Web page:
and the Haiti Cayman Islandstoday, with some vague press reports indicating that the latter one was felt in . The U.S. Geological Survey’s map of the past week’s many quakes in the region is here. Cuba
- “Russians Affirm that U.S. Caused Haiti Earthquake:” Cuba’s Radio Reloj runs a story on its website from a news service in Ecuador, claiming that Russia’s navy is linking Haiti’s earthquake and others to “shock wave bombs” developed by the U.S. Navy. This poorly written story refers to “these reports” and “the report” but doesn’t cite anything. It would be interesting to know if any such statement or report from the Russian military really exists. Sounds like
’s old disinformation department, and its network, are still in business. Moscow
travel industry and Cuban officials will meet at a March conference in Cancun, just announced. U.S.
Tuesday, January 19, 2010
More news coverage is mentioning the Cuban doctors in
- Marti Noticias: In a
press conference, Silvio Benitez announces that his opposition Liberal Party will field 20 candidates at the local level in this year’s elections. (The story links to audio.) The goal, he says, is “to get to the place from which the law can be changed peacefully.” One candidate in a district with about 1,100 voters says he is running on local issues – bad housing, bad roads, etc. Havana
, a call to end the embargo and help the local economy. Galveston, Texas
- As Luis Posada Carriles’ February 5 trial date approaches, Tracey Eaton reports on the prosecution’s successful motions to keep many trial documents from public view.
Monday, January 18, 2010
After Cuba allowed the use of its airspace for medical evacuation flights from the Guantanamo naval base to Miami, Secretary Clinton said, “We very much appreciate the Cubans opening their air space for medical evacuation and emergency flights, and we would welcome any other actions that the Cuban Government could take in furtherance of the international rescue and recovery mission in Haiti.”
Here’s a simple, practical suggestion from Gary Maybarduk, formerly the political counselor in the U.S. Interests Section in
I wonder if there would also be some benefit in cooperation on logistics. The aid effort is being hampered by the limited capacity of
The French and others are upset about aid flights that have been turned away.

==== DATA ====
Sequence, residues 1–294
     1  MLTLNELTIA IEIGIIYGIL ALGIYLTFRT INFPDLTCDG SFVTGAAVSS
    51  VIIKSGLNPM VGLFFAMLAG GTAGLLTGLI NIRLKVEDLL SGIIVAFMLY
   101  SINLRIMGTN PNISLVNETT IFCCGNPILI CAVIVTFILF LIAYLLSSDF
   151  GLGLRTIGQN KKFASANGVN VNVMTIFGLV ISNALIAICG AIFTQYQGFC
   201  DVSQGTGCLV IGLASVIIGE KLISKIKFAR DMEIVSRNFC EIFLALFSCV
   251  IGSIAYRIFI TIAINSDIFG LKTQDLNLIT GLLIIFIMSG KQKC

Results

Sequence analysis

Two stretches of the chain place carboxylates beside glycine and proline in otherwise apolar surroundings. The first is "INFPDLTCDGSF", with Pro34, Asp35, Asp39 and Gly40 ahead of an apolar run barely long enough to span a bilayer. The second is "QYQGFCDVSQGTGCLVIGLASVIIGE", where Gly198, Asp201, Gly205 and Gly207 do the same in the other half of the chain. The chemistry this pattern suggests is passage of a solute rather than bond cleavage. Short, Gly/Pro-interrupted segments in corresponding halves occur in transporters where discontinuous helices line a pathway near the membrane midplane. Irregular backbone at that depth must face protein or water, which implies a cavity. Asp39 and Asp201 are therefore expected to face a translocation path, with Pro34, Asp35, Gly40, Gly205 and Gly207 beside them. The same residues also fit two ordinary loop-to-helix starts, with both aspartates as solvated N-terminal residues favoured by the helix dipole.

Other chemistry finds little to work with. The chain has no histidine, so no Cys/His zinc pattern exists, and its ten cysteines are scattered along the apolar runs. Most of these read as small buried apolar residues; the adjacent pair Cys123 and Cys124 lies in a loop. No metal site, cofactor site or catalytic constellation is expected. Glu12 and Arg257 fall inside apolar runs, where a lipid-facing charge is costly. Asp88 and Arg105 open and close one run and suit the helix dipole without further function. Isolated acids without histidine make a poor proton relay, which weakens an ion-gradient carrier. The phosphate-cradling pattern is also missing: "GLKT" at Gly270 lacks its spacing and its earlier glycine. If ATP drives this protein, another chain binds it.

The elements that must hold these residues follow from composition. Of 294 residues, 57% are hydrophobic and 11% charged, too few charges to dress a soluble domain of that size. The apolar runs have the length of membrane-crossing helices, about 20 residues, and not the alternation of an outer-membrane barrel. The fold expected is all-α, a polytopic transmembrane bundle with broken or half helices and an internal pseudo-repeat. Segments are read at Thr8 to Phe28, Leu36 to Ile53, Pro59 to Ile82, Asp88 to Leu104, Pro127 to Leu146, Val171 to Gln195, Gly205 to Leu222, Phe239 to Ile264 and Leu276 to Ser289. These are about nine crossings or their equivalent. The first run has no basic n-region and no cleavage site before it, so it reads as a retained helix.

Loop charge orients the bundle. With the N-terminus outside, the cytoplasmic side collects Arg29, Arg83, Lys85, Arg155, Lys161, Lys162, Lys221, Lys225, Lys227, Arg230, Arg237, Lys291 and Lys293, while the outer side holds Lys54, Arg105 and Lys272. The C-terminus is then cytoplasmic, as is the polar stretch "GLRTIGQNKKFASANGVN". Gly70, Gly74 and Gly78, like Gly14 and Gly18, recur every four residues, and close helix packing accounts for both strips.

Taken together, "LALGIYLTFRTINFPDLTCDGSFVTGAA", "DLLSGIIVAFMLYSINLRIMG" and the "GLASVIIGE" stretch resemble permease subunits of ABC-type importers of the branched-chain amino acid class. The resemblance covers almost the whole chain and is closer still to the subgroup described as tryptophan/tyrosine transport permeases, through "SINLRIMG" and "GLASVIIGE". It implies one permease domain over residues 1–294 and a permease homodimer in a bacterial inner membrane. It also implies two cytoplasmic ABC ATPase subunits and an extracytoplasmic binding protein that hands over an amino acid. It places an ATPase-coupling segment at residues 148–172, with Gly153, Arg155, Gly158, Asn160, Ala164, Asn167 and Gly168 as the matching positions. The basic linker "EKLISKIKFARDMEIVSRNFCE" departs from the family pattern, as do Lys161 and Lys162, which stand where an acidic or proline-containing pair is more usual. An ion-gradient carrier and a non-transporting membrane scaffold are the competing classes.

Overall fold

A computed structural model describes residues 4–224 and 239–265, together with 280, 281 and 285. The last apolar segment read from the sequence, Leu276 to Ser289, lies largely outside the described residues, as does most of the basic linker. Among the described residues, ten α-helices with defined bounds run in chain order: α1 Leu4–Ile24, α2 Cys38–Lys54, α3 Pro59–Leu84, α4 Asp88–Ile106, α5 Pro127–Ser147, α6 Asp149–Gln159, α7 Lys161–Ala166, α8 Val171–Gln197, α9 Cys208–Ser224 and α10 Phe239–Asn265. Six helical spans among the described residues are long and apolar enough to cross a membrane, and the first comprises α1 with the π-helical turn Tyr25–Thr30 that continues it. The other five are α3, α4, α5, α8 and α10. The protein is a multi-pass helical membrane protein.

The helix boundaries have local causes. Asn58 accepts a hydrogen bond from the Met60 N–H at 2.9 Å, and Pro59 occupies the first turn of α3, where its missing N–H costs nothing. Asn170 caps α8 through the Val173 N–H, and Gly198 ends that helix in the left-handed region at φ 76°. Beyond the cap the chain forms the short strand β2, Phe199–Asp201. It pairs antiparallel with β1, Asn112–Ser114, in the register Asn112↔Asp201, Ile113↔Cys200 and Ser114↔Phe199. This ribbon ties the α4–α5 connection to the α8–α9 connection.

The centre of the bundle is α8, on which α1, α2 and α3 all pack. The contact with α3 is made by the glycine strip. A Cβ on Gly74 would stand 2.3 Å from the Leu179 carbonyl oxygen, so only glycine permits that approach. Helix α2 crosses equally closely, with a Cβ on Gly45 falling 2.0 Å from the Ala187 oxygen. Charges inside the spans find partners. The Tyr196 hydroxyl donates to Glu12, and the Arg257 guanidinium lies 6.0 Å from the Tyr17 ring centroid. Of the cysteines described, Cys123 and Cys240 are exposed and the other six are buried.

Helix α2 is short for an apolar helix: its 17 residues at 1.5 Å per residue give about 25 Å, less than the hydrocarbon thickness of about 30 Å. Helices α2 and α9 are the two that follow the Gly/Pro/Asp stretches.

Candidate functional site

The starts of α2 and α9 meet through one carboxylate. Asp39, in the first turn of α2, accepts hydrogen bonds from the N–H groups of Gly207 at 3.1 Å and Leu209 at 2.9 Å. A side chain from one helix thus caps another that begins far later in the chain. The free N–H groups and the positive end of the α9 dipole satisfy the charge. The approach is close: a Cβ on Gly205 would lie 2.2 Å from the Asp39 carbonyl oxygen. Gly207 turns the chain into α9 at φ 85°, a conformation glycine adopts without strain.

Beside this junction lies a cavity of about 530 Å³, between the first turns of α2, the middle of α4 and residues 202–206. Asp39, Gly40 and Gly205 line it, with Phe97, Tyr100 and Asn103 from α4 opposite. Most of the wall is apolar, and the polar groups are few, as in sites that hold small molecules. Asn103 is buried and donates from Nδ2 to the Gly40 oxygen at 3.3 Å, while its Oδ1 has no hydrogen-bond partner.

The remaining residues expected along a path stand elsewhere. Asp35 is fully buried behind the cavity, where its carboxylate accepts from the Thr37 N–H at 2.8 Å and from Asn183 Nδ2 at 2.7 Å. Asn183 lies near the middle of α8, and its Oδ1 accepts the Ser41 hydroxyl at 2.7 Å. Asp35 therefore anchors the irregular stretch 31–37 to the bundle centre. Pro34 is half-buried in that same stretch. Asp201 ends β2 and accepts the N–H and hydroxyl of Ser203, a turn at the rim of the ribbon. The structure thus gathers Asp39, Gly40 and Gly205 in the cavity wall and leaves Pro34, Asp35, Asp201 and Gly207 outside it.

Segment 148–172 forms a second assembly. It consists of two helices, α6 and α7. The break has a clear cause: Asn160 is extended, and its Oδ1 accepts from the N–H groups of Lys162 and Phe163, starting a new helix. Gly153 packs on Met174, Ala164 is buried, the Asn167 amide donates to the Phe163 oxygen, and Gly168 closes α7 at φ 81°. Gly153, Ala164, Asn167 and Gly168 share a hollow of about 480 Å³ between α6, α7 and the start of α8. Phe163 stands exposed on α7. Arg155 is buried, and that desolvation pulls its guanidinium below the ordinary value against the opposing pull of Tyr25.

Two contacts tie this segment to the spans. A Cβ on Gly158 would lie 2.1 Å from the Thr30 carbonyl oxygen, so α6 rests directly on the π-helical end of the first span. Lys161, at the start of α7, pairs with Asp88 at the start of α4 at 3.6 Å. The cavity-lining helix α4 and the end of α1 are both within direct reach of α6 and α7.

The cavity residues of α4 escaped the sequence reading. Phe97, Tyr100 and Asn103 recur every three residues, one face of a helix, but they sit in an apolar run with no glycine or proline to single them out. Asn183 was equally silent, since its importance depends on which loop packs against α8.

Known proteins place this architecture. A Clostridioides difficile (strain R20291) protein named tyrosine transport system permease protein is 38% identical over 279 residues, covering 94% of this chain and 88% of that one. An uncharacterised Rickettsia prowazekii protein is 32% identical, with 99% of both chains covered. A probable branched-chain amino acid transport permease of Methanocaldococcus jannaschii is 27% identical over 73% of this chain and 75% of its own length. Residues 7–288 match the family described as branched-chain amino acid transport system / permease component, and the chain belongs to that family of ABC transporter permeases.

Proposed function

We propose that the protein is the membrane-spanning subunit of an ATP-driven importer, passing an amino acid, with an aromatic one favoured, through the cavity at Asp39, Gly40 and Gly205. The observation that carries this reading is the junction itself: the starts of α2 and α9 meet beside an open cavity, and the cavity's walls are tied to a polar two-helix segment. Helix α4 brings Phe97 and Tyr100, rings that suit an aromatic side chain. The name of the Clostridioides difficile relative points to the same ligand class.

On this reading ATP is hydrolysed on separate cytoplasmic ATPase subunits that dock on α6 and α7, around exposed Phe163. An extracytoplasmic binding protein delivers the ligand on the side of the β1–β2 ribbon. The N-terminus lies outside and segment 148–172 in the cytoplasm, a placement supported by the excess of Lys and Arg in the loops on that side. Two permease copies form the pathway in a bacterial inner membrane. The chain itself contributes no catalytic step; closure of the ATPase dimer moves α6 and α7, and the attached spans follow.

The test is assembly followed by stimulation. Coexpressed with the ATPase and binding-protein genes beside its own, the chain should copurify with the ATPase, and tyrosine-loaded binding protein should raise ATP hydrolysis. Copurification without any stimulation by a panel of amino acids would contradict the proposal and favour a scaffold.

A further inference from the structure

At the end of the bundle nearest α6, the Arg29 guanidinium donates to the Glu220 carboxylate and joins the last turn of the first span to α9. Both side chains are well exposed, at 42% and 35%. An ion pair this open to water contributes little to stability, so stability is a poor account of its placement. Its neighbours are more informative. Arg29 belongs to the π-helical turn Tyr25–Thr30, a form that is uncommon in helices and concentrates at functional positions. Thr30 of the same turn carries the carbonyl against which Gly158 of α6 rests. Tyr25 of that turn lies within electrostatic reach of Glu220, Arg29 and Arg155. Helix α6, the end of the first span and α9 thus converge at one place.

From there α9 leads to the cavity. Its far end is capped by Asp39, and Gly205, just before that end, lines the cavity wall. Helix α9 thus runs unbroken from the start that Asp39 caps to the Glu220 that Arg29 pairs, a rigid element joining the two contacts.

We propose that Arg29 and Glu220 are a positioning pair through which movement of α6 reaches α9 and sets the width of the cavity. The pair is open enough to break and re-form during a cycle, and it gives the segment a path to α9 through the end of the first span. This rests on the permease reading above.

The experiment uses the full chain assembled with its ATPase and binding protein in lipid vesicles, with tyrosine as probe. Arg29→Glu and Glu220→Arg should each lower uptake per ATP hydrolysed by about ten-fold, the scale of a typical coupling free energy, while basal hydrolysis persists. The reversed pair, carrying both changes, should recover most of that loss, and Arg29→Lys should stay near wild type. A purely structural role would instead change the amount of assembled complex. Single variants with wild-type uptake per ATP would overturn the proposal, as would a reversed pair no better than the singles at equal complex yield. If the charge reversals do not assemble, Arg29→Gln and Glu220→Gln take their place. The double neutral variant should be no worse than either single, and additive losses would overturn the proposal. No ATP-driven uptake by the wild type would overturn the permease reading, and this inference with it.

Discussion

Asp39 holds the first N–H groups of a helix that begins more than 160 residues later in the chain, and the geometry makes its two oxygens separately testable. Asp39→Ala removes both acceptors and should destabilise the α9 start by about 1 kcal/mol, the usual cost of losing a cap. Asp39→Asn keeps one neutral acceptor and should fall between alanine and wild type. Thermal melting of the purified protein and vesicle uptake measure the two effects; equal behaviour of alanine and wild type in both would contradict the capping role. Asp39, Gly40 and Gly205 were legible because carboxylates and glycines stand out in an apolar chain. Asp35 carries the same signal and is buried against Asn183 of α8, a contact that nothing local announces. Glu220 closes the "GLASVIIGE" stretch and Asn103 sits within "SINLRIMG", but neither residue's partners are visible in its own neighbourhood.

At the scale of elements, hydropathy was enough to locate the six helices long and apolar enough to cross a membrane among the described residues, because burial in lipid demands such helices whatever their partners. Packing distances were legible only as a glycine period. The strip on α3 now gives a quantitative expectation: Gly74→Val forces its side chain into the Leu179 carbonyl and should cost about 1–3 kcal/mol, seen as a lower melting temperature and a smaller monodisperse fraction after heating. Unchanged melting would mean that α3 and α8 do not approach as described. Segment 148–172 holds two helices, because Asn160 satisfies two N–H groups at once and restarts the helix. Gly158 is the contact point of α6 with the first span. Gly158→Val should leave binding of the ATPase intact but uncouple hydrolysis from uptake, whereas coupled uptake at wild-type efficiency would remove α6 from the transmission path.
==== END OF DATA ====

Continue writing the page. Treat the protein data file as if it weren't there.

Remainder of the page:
Certainly there are capable airports in eastern
And some related items:
- CNN reports on a hospital where Cuban and other doctors are working; video here. Fidel Castro’s latest reflection contains an excerpt from a report from the Cuban medical mission in
, and it mentions the hospital that CNN filmed. A Cuban news agency report, summarized in English here, has more details. Haiti
- An effort was announced in
“to airlift possibly thousands of Haitian children left orphaned in the aftermath of Tuesday's horrific earthquake,” according to this Herald article. The idea is based on the Peter Pan operation that brought more than 14,000 Cuban children to the Miami under the Catholic Church’s auspices in the early 1960’s – but those children were not orphans, they were sent by their parents. This is a compassionate idea, but it’s not clear that anyone has considered that United States ’s battered government would have to approve adoptions. As is pointed out here in the LA Times, the process is quite long. More here from the Sun-Sentinel. Haiti
- In El Nuevo Herald, experts discuss the geology and history of eastern
and the possibilities of major earthquakes there. The U.S. Geological Survey has tons of information on earthquakes worldwide, including this note on a 2008 earthquake centered in the Cuba Caribbeanbetween and Jamaica . Also, not for the faint of heart, there’s this map of all the world’s quakes in the past seven days. Cuba (see depiction of the fault along Cuba's southern coast near Santiago)
- Granma publishes a health ministry note confirming the death of 26 patients in a psychiatric hospital in
during the recent cold snap and pointing to negligence on the part of hospital authorities. An investigative commission has been set up, the note says, and those responsible will end up in court. AP story here. Havana
- Here’s a story of a Unitarian Universalist Church group that was turned away from Cuba in late December, despite having made many trips there before.
- Alejandro Armengol notes at Cuaderno de Cuba that there’s a private gymnasium in